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Botanical Rain: the enduring Endico image



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Updated August 08, 2017 | By Bob Fugett ©2017

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It was such a small, common, and ordinary place, not one in the daily crowd chattering it to life noticed the little bus stop.

No frills: just a three-sided lightly constructed metal and acrylic human terrarium barely offering shelter.

People passing through were always rigidly engaged in some brief and tiny moment of their own typicality, plucked from the pearly thousands of similar moments stringing their lives together, so they rarely noticed the raw structure itself.

Nor did any one person give much of a thought to the wholeness expressed in having a myriad other people stirring close, outside their tiny ad hoc conversational focus group which gathered in the sun, wind, calm, and rain.

Who could imagine, nearly a half century later this scene would appear on the finest magazine covers, and the memory of it would well tears in those who recalled that place in time.

Great things were happening all around it then (and still today), but the corner itself, by the entrance to the New York Botanical Garden?

Largely ignored.

It took the spirit, eye, and skilled hand of an enthused budding artist to quickly pull the threads together and record the fullness of its iconic human intricacy in a single thought.

A time capsulized for future revelation: a watercolor.

While researching the painting's forty year history, I was punched in the stomach by a Google street-view showing its specific location from almost the exactly correct angle, and almost forever later.

A scene unchanged in decades except for slight alterations to clothing and transport fashion.

I remembered how rapidly and off-handedly the likeness had been captured, and in retrospect I was shocked-aware by how precisely that capture was executed.

Add to the mix words like by such a young artist, and my surprise becomes astonishment.

As for the remarkable story of how the painting came about, it happened like this.

Rushing to be on time for a watercolor class taught by Ed Whitney at the New York Botanical Garden in 1979, a twenty-three year old Mary Endico drove hurriedly past the crowded corner but managed to soak up its rainy day essence with a glance.

Unconsciously tucking away its state of perpetual perfection, Mary pressed on to Whitney's class.

It wasn't until hours later (after class) that she prepared her gestalt image to pass down as a sacred preservation for our far and distant future now.

She did it by painting the plein air from memory with an almost effortless quick series of gestures.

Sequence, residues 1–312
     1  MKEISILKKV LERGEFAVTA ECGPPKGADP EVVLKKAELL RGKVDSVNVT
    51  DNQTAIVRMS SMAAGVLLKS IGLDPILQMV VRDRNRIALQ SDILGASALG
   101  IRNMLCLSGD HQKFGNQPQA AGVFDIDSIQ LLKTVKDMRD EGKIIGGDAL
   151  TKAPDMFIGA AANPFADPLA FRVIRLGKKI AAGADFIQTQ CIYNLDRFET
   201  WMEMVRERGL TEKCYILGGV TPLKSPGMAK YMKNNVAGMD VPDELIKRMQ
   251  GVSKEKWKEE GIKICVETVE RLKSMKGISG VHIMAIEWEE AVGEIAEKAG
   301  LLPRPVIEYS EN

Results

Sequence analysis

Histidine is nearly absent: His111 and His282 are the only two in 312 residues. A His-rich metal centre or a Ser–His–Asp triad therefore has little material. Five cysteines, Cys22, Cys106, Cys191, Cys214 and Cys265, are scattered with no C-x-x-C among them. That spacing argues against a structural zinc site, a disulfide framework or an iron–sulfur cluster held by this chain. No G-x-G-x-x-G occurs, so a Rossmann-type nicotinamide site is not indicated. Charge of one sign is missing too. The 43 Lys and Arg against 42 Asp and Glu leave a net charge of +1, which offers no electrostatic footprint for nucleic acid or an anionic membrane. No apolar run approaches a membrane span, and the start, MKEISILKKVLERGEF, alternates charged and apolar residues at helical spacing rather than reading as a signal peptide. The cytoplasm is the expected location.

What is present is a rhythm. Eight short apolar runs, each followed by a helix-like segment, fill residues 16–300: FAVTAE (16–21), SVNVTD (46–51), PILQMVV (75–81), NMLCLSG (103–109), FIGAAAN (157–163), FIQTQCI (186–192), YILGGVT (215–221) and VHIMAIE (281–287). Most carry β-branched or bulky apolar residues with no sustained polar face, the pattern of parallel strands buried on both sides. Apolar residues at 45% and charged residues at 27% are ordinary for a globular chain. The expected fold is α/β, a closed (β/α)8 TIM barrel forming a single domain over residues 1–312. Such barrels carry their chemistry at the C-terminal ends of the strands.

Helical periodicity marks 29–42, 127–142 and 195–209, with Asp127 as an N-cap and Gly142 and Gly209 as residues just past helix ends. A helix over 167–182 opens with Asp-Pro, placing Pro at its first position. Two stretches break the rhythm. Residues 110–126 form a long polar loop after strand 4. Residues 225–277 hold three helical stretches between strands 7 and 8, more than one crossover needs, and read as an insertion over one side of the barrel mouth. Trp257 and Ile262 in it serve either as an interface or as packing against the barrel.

Amazingly she did it while in conversation, visiting her mother several miles away at her childhood home in New Rochelle.

She was also privately thinking over plans for creating her watercolor studio in Sugar Loaf, NY.

Though seemingly distracted, Mary adroitly applied pencil and brush to cotton paper, revealing focused truths about the bus stop that are difficult to describe and impossible to photograph.

Make no mistake, such a rare high-level capture was only made possible by the fact drawing and painting had been the overwhelming constant in Mary's life since the age of four.

Plus she had freshly completed a rigorous four year bachelors degree (with extensive studio work) from one of the top fine art programs in the United States at Boston University.

Otherwise, in the same way that few of those at the bus stop were aware of the details surrounding their daily waiting, elsewhere even fewer still took notice of Mary's burgeoning genius — this young artist who was quietly winding her way through whatever crowd, gathering vast stores of imagery to pour back over a lifetime of prolific mastery.

Any lack of forceful recognition early on could not deter her, so today the driest reckoning of Mary Endico's mastery can be summarized by the simple statistic that she has self-sold more than 21,000 original watercolors ... painted by her own hand and sold directly one-on-one to individual collectors visiting her studio in Sugar Loaf, NY.

Understanding the sales of Endico watercolors is the easy part.

Understanding the less accessible but more significant deeper aspects of her work requires a guided study.

Botanical Rain provides the perfect example to help explain priceless ineffable truths that can only be captured by an accomplished artist using pen, pencil, and brush.

In fact this watercolor is beyond perfect.

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